--Washington Pass is being cleared and may open Memorial Day Weekend, but with daily avalanches, WSDOT is having to work twice as hard, clearing areas more than once. To read more, click here.
--Our condolences go out to Tucker Taffe's family and friends. While ascending on skis up Mount Rainier with three friends, Tucker took a 100-150 foot fatal crevasse fall. It wasn't until the skier behind him found a ski and realized what had happened. The team was unroped. To read more, click here.
--California state parks officials announced Friday that the budget deficit would cause closure of 70 state parks next year. In January, Governor Brown issued a budget proposal that reduced spending on state parks by $11 million this fiscal year and $22 million next year, when the parks will start to shut down. To read more, click here.
--Utah's Zion National Park officials are planning to burn about 50 acres to control invasive wild grasses. The prescribed burns will help restore an ecosystem that helps native grasses grow. Those native grasses are more fire-resistant and better suited to the environment in the park. To read more, click here.
--A Mountain Trip team had an accident near the summit ridge of Denali. A rope team of one guide and three clients fell near the ridge, and one of the climbers sustained a broken leg. While the guide worked to secure the injured climber in a bivy sack at 19, 500 feet, the two other climbers began the descent. One climber never made it back to high camp and died. To read more, click here, here and here.
--A second Denali fatality happened on Monday. An Italian climber who tumbled to his death on North America's highest mountain was not using ropes and snow anchors as advised on a deceptively dangerous section of trail on Mount McKinley, a ranger said Tuesday. To read more, click here and here.
--A Nepalese Sherpa on Wednesday broke his own record for most climbs of Mount Everest by scaling the world's tallest peak for the 21st time. To read more, click here.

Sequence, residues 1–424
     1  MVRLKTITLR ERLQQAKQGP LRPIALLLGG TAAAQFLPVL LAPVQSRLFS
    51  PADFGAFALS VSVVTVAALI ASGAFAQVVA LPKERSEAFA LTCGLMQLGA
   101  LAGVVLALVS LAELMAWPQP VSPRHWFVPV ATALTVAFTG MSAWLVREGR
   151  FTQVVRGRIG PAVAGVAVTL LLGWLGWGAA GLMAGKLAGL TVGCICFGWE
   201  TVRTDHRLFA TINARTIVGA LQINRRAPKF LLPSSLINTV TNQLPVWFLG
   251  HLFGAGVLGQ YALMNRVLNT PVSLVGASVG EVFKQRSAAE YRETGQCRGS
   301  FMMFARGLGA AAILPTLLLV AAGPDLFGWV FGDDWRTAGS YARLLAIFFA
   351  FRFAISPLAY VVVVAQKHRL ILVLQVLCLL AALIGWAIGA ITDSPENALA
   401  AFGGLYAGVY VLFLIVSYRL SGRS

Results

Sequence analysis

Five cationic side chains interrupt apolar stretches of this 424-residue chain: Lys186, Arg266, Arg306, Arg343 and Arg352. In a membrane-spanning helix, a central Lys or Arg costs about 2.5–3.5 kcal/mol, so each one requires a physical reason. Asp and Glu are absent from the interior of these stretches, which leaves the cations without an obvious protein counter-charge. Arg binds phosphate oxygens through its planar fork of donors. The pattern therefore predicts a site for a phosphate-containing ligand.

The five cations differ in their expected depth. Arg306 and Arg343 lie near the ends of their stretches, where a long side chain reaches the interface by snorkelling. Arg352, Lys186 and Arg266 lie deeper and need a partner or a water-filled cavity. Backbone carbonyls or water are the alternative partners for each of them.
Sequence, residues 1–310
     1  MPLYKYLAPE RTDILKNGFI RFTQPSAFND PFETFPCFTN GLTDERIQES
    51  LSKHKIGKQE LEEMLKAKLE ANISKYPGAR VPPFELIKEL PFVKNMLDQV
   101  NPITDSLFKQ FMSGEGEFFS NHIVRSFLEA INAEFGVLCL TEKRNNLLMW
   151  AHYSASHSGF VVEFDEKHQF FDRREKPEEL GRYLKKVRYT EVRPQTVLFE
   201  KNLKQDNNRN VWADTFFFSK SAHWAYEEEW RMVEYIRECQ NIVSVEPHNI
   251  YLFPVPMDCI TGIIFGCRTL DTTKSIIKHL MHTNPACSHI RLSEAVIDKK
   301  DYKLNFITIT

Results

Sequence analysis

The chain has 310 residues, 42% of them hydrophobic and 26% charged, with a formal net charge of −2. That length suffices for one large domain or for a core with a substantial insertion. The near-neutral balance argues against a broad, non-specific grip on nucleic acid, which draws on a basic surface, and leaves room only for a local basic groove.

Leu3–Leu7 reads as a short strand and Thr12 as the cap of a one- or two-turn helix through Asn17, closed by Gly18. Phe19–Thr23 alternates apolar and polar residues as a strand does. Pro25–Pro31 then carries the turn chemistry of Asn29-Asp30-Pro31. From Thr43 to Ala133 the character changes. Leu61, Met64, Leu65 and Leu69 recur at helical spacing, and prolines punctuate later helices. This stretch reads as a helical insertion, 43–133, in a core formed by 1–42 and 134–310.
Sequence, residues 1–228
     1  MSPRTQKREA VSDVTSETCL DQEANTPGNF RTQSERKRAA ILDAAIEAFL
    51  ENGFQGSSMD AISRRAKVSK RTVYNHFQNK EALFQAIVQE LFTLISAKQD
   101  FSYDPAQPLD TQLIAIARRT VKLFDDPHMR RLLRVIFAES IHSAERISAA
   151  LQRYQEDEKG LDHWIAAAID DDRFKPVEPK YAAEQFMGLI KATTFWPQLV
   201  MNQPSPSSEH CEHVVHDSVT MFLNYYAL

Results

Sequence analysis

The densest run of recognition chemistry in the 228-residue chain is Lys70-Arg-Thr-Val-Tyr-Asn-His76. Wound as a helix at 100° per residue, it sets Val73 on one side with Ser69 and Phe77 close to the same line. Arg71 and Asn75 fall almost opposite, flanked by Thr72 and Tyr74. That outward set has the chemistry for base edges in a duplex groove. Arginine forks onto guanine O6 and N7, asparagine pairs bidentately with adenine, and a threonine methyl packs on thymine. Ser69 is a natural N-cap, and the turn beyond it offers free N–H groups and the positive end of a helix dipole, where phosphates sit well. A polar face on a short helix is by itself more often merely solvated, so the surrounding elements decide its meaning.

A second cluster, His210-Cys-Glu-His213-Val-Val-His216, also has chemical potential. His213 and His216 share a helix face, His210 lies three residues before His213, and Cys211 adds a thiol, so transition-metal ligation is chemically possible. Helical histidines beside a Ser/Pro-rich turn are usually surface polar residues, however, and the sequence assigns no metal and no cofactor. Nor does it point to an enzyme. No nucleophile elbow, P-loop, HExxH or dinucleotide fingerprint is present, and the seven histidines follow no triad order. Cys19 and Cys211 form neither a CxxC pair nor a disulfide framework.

--A Japanese climber who became ill while attempting to scale Mount Everest died just several hundred feet (meters) from the summit, a Nepalese official said Friday. To read more, click here.
-- Long-time Roseville, CA coach and former construction company owner Rick Hitch died Sunday while climbing at the 23,000 foot level of Mt. Everest. Hitch had climbed the highest peaks on six continents and was trying to climb Mt. Everest to complete all seven peaks, known as the Seven Summits. To read more, click here.
-- Altitude sickness killed an 82-year-old former Nepalese foreign minister who died this week attempting to become the oldest person to climb Mount Everest. Shailendra Kumar Upadhyaya died on Monday afternoon, just hours after arriving at camp one in his record attempt. To read more, click here.
Notes from All Over:
-- New Zealand's winter season is kicking off and Mrs. Betty Main, age 82, was in line on Tuesday to reviece her free ski pass. "From 75 you don't have to pay. It's my very favourite four-letter word beginning with F - free," Mrs Main said. To read more, click here.
-- Kim Hall and Jewel Lund know their way around mountains. Both women are skilled skiers. And yet they were no match Wednesday for a steep, icy slope. Jewel slipped and tumbled down roughly 1,000 feet. Kim tried to go to her aid and didn’t fair much better. To read more, click here.
-- Search-and-rescue teams in Carbon County (Montana) on Wednesday found four backcountry skiers who were stranded in the East Rosebud drainage Tuesday night. Jon Trapp, Carbon County Search and Rescue coordinator, said the skiers — from Canada, Italy and Idaho — used an emergency beacon at 6 p.m. Tuesday to let authorities know that they were stranded near Rimrock Lake and needed a helicopter. To read more, click here.
-- American Alpine Club Executive Director Phil Powers was seriously injured in Clear Creek Canyon near Denver, CO. After falling approximately 50 feet, Phil sustain injuries that required a helicopter evacuation. To read more, click here and here.